From their inception, public utility model (PUM) EMS systems have been a subject of controversy. Separating facts from hype can be challenging unless one has an understanding of how the PUM is designed, and more important, why certain features were incorporated into the system’s structure.
PUM: Patient’s Viewpoint
In 1972, researchers and scientists at the University of Oklahoma’s Center for Economic and Management Research (CEMR) met to study emergency medical services. Team member Jack Stout had directed the private ambulance EMS demonstration project for the federal government. The project had not performed as well as some of the others, and Stout wanted to know why.
Wanting to design an effective EMS system, the academics began by researching the ambulance industry and EMS. The group included members with “doctoral-level credentials in economics, organizational psychology, operations research, finance and accounting.”1 The interdisciplinary team conducted an extensive literature review, then conducted site visits to observe five systems that were operating well without federal or local tax subsidies and five that were subsidized.2
The federal government was leading an effort to upgrade EMS because of well-documented problems in ambulance service and emergency care. The research conducted by CEMR examined response time performance, levels of service and efficiency.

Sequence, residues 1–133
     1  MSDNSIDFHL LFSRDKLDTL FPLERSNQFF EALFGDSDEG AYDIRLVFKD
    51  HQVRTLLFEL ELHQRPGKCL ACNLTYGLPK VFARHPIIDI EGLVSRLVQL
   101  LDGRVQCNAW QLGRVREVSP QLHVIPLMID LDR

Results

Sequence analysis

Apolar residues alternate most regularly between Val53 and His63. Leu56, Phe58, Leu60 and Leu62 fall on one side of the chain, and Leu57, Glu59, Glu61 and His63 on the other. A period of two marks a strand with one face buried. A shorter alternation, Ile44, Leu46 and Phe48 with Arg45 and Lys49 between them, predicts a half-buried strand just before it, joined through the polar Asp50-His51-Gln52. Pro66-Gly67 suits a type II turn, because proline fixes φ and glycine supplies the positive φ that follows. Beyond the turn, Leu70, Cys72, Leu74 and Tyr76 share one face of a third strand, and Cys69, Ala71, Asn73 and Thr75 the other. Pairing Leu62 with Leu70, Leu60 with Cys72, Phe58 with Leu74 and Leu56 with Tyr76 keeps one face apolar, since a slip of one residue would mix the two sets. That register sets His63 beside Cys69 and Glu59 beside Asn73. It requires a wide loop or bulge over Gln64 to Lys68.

Once the research was completed, CEMR set about designing an ideal EMS system model, making patient care its highest priority, followed by financial stability and a professional work environment for field personnel. Many, then and now, assume that all EMS systems are designed with patient care as their highest priority, but this is not so.3 Following are the priorities that guided the team in designing the system:1
The model would deliver the highest levels of care and specifically avoid call screening (refusing service to telephone callers, which several large systems had tried with some well-publicized failures); transport refusals (crews refusing to transport patients from the scene to the hospital); and “hand-offs to BLS crews.” There are systems today that refuse service to certain patients. Rather than attempt to sort patients and run the risk of leaving seriously ill patients behind, the planners designed the PUM to transport all persons who asked for service.
The model would create financial stability through efficiency and diversifying income sources to fund clinical care, regardless of changes in the economy.
The model would provide a professional work environment for medics, EMTs, dispatchers and other support staff who are needed to deliver this level of care.
The model would embrace the idea that no organization should be allowed to provide service without earning that right through competition.
The model would guarantee that rate-payers and taxpayers got full value for their money.
These priorities were not based upon science—they were value judgments. There is no way to prove that an EMS system should be designed with patient care as its highest priority any more than it is possible to prove that it should be designed for the comfort of its workers or the business interests of the organizations providing care. However, it is possible to look at an EMS system and determine whose interests are being served at the expense of others. Most EMS professionals believe patient care should be the highest priority of any system, but there seems to be a lot of disagreement about what exactly that means in terms of design features.
After studying the electric utility industry, an economist with the CEMR group noticed a number of similarities between the utility industry and EMS. Two characteristics were new and far-reaching in their implications: